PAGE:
"Strategic Patience is Over" - Tillerson says Pre-Emptive Strikes against North Korea may be needed

 

US Secretary of State Rex Tillerson said Friday it may be necessary to take preemptive military action against North Korea if the threat from its weapons program were to reach a level "that we believe requires action."

Tillerson outlined a tougher strategy to confront North Korea's nuclear threat after visiting the world's most heavily armed border near the tense buffer zone between rivals North Korea and South Korea.

 

Asked about the possibility of using military force against the North, Tillerson told a news conference in the South Korean capital, "all of the options are on the table."

He said the US did not want a military conflict, "but obviously if North Korea takes actions that threatens South Korean forces or our own forces, that would be met with (an) appropriate response."

"If they elevate the threat of their weapons program to a level that we believe requires action," he said, "that option is on the table."

But he said that by taking other steps, including sanctions, the US was hopeful that North Korea could be persuaded to take a different course before it reaches that point.

Past US administrations have considered military force because of North Korea's development of nuclear weapons and ballistic missile to deliver them, but rarely has that option been expressed so explicitly.

 

 

North Korea has accelerated its weapons development, violating multiple UN Security Council resolutions and appearing undeterred by tough international sanctions. The North conducted two nuclear test explosions and 24 ballistic-missile tests last year. Experts say it could have a nuclear-tipped missile capable of reaching the US within a few years.

Tillerson is midway through a three-nation swing through Northeast Asia, which began in Japan and will end in China. State Department officials have described it as a "listening tour" as the administration seeks a coherent North Korea policy, well-coordinated with its Asian partners.

Earlier Friday, Tillerson touched down by helicopter Friday at Camp Bonifas, the US-led UN base about 438 yards from the Demilitarized Zone, a Cold War vestige created after the Korean War ended in 1953. He then moved to the truce village of Panmunjom inside the DMZ, a cluster of blue huts where the Korean War armistice was signed.

Tillerson is the latest in a parade of senior US officials to have their photos taken at the border. But it's the first trip by the new Trump administration's senior diplomat.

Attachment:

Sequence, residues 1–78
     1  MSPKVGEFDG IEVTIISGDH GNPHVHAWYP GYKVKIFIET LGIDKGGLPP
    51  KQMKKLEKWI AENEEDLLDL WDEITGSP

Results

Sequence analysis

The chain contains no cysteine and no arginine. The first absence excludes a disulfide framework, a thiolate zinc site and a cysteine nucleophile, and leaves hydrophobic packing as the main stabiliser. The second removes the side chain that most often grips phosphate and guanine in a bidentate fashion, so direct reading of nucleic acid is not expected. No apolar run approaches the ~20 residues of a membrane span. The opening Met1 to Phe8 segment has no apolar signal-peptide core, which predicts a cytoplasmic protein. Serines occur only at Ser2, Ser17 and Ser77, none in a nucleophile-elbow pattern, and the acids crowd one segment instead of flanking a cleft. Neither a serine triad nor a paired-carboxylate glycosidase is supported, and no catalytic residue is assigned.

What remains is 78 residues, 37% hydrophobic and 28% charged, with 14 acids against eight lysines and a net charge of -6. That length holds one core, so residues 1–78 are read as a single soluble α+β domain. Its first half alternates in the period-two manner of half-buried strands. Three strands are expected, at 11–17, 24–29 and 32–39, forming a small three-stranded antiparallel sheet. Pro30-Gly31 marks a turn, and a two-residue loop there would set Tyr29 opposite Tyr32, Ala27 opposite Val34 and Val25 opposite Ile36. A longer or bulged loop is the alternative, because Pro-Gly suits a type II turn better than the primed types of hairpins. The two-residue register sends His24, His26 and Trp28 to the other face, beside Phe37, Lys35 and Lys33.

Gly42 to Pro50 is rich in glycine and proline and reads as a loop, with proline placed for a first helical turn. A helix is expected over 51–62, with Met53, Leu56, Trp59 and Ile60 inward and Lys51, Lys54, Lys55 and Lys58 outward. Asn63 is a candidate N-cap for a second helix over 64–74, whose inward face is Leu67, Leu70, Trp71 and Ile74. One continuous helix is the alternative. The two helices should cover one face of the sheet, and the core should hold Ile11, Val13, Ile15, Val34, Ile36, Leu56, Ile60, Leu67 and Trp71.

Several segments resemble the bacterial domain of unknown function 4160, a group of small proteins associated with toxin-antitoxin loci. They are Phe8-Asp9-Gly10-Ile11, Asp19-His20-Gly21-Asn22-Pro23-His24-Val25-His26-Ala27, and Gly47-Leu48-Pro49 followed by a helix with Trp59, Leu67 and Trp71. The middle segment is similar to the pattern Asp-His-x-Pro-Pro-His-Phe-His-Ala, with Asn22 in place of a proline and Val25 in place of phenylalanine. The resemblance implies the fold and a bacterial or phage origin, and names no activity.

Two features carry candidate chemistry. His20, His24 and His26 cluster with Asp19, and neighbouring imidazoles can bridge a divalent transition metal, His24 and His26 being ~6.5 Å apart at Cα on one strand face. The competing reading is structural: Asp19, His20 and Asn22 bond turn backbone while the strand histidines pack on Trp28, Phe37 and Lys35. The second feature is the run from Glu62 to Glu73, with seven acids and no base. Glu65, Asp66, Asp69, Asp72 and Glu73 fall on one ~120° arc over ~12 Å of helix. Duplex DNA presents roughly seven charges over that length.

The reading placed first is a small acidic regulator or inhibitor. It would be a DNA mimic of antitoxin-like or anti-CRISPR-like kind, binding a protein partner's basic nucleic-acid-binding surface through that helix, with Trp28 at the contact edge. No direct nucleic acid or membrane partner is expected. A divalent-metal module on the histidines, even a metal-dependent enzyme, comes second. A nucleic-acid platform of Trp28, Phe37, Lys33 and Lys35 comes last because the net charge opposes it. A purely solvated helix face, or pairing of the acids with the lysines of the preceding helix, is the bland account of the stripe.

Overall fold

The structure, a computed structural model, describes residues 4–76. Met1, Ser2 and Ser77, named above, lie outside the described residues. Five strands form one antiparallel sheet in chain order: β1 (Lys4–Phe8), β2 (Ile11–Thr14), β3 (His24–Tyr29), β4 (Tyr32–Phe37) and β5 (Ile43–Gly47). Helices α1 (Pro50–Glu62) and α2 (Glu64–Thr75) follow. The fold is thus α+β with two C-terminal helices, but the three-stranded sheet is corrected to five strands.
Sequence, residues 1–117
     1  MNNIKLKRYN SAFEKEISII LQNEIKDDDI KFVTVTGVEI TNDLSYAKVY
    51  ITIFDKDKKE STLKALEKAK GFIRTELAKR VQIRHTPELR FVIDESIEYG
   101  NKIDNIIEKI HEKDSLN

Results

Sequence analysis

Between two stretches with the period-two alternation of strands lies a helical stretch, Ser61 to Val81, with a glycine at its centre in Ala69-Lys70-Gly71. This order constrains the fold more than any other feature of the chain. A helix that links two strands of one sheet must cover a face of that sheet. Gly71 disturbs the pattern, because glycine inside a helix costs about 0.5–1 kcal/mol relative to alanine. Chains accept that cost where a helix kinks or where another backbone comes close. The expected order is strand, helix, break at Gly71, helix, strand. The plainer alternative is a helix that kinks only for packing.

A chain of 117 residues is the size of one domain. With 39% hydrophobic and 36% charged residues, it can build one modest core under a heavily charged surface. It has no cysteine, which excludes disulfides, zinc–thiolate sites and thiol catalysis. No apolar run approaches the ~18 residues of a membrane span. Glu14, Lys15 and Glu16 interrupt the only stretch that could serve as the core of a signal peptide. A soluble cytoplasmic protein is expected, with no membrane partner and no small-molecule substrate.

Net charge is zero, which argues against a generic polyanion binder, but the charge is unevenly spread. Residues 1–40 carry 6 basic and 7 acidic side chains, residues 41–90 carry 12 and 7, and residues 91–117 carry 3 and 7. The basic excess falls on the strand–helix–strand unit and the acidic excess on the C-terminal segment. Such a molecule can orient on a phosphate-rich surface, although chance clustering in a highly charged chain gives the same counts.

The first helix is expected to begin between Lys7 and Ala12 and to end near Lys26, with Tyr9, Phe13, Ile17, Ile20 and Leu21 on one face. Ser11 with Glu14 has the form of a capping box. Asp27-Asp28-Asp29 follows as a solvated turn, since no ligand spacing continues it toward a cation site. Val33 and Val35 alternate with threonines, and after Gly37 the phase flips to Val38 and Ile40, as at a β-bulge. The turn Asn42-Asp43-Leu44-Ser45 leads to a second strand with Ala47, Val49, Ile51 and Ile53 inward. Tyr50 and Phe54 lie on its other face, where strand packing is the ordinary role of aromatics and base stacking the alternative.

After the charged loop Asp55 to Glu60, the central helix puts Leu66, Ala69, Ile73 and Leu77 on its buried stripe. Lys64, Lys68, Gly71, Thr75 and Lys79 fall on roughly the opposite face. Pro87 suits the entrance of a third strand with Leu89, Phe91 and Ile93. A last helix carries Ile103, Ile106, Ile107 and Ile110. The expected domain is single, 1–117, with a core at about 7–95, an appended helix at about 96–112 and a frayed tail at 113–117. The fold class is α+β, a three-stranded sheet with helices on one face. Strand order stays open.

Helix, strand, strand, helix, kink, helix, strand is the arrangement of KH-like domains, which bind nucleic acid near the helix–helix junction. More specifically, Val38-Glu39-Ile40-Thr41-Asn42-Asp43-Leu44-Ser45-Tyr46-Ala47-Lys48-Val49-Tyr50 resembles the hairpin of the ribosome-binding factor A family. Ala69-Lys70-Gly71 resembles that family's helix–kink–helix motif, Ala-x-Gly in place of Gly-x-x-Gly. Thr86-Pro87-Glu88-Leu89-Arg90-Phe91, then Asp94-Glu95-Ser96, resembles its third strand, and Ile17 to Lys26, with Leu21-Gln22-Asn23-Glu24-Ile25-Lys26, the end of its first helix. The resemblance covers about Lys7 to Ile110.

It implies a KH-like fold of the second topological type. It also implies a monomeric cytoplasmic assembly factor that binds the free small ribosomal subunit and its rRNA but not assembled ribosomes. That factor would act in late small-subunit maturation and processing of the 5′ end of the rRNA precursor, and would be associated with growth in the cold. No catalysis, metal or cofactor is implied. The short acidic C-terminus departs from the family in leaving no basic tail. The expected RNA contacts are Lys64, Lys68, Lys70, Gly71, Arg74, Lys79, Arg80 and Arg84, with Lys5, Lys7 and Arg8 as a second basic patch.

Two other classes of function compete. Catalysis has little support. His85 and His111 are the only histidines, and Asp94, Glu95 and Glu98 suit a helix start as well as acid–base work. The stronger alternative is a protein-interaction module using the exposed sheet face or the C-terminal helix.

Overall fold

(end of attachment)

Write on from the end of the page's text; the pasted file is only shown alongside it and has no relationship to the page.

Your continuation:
Kim Jong UnNorth Korean leader Kim Jong Un inspecting the construction site of Ryomyong Street in an undated photo released by North Korea's Korean Central News Agency.Reuters/KCNA

 

The DMZ, which is both a tourist trap and a potential flashpoint, is guarded on both sides with land mines, razor-wire fence, tank traps, and hundreds of thousands of combat-ready troops. More than a million mines are believed to be buried inside the DMZ. Land-mine explosions in 2015 that Seoul blamed on Pyongyang maimed two South Korean soldiers and led the rivals to threaten each other with attacks.

Hordes of tourists visit both sides, despite the lingering animosity. The Korean War ended with an armistice, not a peace treaty, which means the Korean Peninsula remains in a technical state of war.

President Donald Trump is seen as seeking to examine all options — including military ones — for halting the North's weapons programs before Pyongyang becomes capable of developing a nuclear-tipped missile that could reach the US mainland.

Central to the US review is China and its role in any bid to persuade Pyongyang to change course. China remains the North's most powerful ally.

While the US and its allies in Seoul and Tokyo implore Beijing to press its economic leverage over North Korea, the Chinese have emphasized their desire to relaunch diplomatic talks — a nonstarter for the US under current conditions.

The US and China also disagree over US deployment of a missile-defense system to South Korea. The US says it's a system focused on North Korea. China sees it as a threat to its own security.

Last week, North Korea launched four missiles into seas off Japan, in an apparent reaction to major annual military drills the US is conducting with South Korea. Pyongyang claims the drills are a rehearsal for invasion.

In Beijing, a North Korean diplomat said Thursday that Pyongyang must act in self-defense against the drills, which he said had brought the region to the brink of nuclear war. He said the drills were aimed at using atomic weapons for a preemptive strike against North Korea. Washington says the maneuvers are routine and defensive.

During last year's election campaign, Trump called into question US security alliances and called for Tokyo and Seoul to contribute more for their defense. Tillerson, however, stressed that cooperation with Japan and South Korea was "critical."

Japan and South Korea both host tens of thousands of US troops. Washington has been urging its two allies to step up security cooperation despite their historically strained relations.

 

 

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